of theories, models, approximations, algorithmic optimizations etc.,
then the Duhem-Quine-thesis could point out a potential problem. A
possible reading of the thesis assumes that if validation fails (for
example, because an empirical prediction was made that turned out to
be wrong), then one cannot know which part of the chain of theoretical
reasoning failed that leads to the empirical prediction. In the case
of computer simulations this means that one does not know whether the
theory on which the simulation is based, the simplifications that may
have been made in the course of modeling or, finally, the program code
has failed.

By the same token, if this reading of Duhem-Quine is accurate,
simulation scientists would -- for better or worse -- enjoy a great
freedom of choice concerning where to make adjustments if a simulation
fails, i.e. if it leads to unexpected, obviously false or no results
at all. Some philosophers have even argued that scientists sometimes
deliberately employ assumptions that are known to be false to make
their simulations work. Among these are artificial viscosity
\citep[sec. 8]{winsberg:2015}, or -- another often cited example --
``Arakawa's trick'' \citep{lenhard:2007}. Arakawa based a general
circulation model of the world climate on physically false assumptions
to make it work, which by the scientific community was accepted as a
technical trick of trade.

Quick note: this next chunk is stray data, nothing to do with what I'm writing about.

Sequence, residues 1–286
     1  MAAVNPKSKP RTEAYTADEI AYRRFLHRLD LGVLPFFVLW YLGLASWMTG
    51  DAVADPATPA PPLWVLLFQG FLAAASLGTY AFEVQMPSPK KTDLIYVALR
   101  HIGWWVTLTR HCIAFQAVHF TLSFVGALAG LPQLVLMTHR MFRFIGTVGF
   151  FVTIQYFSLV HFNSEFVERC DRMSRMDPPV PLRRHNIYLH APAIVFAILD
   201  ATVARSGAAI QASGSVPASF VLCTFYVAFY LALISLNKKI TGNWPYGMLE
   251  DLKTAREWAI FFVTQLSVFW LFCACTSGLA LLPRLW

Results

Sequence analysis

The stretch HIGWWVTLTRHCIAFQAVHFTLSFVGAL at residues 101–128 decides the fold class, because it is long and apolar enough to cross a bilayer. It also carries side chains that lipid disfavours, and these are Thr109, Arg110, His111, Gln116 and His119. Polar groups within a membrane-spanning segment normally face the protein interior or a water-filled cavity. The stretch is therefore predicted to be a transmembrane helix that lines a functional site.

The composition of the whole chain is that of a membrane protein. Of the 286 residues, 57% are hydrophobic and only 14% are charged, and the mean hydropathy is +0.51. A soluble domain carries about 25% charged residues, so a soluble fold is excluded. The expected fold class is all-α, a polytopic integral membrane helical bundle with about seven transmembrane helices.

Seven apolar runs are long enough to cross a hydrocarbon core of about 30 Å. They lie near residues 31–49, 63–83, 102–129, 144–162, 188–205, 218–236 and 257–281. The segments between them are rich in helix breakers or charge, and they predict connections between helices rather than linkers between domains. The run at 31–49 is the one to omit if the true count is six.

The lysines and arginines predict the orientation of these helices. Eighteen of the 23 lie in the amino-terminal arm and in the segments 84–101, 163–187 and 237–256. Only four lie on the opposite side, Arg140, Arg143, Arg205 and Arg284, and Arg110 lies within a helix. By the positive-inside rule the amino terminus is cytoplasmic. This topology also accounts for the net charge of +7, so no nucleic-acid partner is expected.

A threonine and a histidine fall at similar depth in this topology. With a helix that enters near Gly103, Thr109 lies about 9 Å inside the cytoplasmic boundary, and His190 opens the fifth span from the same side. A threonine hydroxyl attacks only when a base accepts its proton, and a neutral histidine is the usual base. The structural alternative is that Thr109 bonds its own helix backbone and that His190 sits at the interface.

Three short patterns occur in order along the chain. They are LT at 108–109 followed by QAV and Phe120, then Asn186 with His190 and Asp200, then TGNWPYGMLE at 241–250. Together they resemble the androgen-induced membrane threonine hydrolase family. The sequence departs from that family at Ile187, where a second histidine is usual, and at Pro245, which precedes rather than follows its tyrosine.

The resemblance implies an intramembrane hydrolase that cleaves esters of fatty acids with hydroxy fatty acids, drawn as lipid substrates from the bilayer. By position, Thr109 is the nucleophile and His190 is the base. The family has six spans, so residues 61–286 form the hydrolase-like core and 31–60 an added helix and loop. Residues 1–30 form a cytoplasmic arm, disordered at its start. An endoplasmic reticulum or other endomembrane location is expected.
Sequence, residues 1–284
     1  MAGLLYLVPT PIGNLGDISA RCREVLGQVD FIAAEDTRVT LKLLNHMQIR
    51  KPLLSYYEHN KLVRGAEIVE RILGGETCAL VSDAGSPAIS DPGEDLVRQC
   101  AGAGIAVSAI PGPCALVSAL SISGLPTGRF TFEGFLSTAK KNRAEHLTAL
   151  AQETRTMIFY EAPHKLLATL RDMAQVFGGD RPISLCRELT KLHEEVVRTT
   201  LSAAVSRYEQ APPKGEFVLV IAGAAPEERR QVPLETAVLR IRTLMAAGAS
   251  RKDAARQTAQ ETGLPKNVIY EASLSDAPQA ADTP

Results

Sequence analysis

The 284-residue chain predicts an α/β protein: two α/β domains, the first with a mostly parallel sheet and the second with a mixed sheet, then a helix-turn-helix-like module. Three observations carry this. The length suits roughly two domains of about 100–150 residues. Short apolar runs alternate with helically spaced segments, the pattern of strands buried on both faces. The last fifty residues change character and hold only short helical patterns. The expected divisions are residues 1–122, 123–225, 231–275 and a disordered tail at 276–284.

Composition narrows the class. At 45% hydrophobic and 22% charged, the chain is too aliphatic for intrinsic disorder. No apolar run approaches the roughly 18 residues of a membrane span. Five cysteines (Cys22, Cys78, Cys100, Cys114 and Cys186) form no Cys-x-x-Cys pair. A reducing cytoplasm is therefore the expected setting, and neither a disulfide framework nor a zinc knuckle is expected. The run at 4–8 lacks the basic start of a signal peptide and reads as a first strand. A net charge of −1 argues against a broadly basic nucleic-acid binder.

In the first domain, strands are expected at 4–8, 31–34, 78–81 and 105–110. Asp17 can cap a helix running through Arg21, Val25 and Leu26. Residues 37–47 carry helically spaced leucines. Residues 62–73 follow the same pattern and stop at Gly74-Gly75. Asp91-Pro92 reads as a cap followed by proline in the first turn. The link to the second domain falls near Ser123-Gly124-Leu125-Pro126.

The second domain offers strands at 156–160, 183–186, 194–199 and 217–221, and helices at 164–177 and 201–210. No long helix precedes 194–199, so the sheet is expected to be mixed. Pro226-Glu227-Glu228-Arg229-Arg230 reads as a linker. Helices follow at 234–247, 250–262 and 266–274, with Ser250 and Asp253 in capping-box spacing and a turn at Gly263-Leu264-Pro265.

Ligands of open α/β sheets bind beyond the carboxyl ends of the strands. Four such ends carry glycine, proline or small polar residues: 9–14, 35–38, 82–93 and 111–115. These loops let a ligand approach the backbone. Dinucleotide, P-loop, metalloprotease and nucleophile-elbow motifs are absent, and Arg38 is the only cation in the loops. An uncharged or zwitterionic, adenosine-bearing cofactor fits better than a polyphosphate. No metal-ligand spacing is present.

However, this reading of Duhem-Quine paints a somewhat unrealistic
picture of scientific practice, because in case of failure there
usually exist further contextual cues where the error causing the
failure has most likely occurred. While in the abstract formal
representation of theories that is sometimes used to explain
Duhem-Quine, the premises are represented as propositions with no
further information, scientists usually have good reasons to consider
the failure of some premises as more likely than others. In science
and engineering, the premises are usually ordered in a hierarchy that
starts with the fundamental physical, chemical or biological theories,
ranges over various steps of system description and approximation down
to the computer algorithms and, ultimately, the programm code. If a
simulation fails one would start to examine the premises in backward
order. And this is only reasonable, because prima facie, it is more
likely that your own program code contains a bug than, say, that the
theory of quantum mechanics is false or that some of the tried and
tested approximation-techniques are wrong. Though, of course, this is
not completely out of the question, too.\footnote{See \citet[sec.
3.4]{arnold-kaestner:2013} for a case-study containing a detailed
description of this hierarchy of premises.} It should be understood
that the credibility of the various premises occurring in this
hierarchy does not follow their generality, but depends on their
respective track record of successful applications in the past. It can
safely be assumed that this situation is typical for normal
science.\footnote{But see \citet{lenhard:2019} in chapter 39 in this